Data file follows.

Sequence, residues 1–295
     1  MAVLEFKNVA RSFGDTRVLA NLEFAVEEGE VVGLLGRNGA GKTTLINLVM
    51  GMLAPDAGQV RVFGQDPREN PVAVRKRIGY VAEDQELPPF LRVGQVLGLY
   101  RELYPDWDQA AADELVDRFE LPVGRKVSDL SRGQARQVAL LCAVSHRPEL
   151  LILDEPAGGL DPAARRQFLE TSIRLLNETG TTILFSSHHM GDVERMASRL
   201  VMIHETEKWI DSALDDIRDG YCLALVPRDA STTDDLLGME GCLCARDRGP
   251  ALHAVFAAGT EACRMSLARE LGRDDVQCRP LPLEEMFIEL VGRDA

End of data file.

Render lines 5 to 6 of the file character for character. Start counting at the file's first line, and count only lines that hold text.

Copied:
   151  LILDEPAGGL DPAARRQFLE TSIRLLNETG TTILFSSHHM GDVERMASRL
   201  VMIHETEKWI DSALDDIRDG YCLALVPRDA STTDDLLGME GCLCARDRGP